In a recent U.S. consumer survey, Jefferies analysts found that "health concerns, particularly around artificial sweeteners continue to plague the U.S. diet carbonated soft drinks industry."
However, 45 percent of those drinking less diet soft drinks suggested they would possibly consume more "if they were healthier" and 30 percent said they would do so "if they were made with a natural sweetener like stevia." However, 34 percent of those drinking less suggested nothing would get them to boost their consumption.
Consumers also will need to be convinced that the taste is worth the calories in these so-called midcalorie beverages.
Pepsi thinks it's achieved that.
"It's taken us three years to get to a place we feel good about," Lowden said about the development process. "No one is willing to give up on taste. Taste is king."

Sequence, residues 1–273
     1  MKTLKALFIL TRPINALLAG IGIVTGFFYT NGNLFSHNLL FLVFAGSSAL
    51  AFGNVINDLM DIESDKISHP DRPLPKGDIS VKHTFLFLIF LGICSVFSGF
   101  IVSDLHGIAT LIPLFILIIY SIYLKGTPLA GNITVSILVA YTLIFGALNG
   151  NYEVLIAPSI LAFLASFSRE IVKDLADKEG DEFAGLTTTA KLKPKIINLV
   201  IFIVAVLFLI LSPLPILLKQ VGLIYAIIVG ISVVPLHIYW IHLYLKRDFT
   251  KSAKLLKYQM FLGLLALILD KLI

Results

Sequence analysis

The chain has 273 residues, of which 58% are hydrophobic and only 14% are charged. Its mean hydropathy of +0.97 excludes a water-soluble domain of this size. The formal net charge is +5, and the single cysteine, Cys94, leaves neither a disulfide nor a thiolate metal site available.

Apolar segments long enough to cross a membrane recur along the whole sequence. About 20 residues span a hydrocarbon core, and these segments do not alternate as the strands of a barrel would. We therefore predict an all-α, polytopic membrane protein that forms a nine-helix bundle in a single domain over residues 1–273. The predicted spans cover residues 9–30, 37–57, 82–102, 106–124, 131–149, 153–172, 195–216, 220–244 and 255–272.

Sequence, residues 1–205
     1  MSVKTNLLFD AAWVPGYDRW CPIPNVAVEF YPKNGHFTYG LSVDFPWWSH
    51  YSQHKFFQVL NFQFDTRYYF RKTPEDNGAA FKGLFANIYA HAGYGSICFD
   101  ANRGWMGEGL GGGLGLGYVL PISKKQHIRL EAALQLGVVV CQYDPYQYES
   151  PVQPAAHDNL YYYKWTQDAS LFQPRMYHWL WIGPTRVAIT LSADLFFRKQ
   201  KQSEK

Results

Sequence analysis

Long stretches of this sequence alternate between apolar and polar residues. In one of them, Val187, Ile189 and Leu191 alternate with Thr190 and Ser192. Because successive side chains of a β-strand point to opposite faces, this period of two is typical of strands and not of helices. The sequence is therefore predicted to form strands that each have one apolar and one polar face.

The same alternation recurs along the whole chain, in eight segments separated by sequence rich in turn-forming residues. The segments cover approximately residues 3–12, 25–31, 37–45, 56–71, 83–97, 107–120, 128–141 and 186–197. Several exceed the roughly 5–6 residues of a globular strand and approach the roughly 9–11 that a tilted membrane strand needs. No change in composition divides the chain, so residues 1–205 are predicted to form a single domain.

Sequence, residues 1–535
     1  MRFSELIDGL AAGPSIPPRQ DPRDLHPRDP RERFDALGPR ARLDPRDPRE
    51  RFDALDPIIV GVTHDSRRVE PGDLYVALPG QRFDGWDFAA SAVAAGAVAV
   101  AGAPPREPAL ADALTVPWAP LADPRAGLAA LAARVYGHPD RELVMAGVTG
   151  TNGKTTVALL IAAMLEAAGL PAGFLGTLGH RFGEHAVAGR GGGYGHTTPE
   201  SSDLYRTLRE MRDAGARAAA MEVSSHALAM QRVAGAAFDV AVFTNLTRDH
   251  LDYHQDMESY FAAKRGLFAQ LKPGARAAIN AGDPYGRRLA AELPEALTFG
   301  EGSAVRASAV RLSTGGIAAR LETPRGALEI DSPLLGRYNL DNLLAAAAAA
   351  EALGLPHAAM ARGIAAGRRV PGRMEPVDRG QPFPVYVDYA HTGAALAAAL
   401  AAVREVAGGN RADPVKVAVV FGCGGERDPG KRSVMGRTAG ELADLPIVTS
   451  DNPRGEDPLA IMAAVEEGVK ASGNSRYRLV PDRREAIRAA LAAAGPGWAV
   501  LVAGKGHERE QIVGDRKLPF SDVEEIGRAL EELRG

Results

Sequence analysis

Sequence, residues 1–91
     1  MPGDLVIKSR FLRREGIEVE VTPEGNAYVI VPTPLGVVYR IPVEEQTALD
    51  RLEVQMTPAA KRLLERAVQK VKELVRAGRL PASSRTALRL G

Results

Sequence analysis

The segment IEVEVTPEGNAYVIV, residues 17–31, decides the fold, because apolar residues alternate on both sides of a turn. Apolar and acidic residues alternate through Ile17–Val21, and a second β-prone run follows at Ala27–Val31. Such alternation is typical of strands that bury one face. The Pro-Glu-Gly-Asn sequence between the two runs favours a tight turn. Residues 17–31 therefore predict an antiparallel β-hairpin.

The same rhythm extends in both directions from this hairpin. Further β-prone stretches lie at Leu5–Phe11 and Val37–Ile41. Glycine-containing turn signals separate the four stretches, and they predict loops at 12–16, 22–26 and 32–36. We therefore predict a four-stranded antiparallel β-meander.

But calorie-conscious consumers have found the concept of midcalorie drinks tough to swallow in the past. In 2004, when sucralose, or Splenda, was the hot sugar alternative, Coke and Pepsi launched the short-lived brands, C2 and Pepsi Edge. Pepsi Next also is a midcalorie drink, but unlike True, it contains artificial sweeteners in the U.S. market.
"When it comes to soda, people want either the taste of a full-sugar product and are willing to accept 140 calories per can, or they want a zero-calorie solution and are open to a product that doesn't taste exactly like a full-sugar soda. There really isn't much in between," said Paddy Spence, CEO of Zevia, which makes naturally sweetened, zero- and low-calorie sodas using stevia.
Spence, formerly head of sales and marketing for Kashi, said his company adds monk fruit, another zero-calorie natural sweetener to its mix "to boost sweetness without adding aftertaste."
According to John Sicher, CEO of Beverage Digest, it's too early to tell whether stevia-based drinks will be the way forward.
"I think it will take three to five years to see how much better the [bigger] beverage companies will get working with stevia," Sicher said. "I think consumers will go for a sweetener that is natural, low and zero calories and tastes close to sugar, but the industry is not there yet."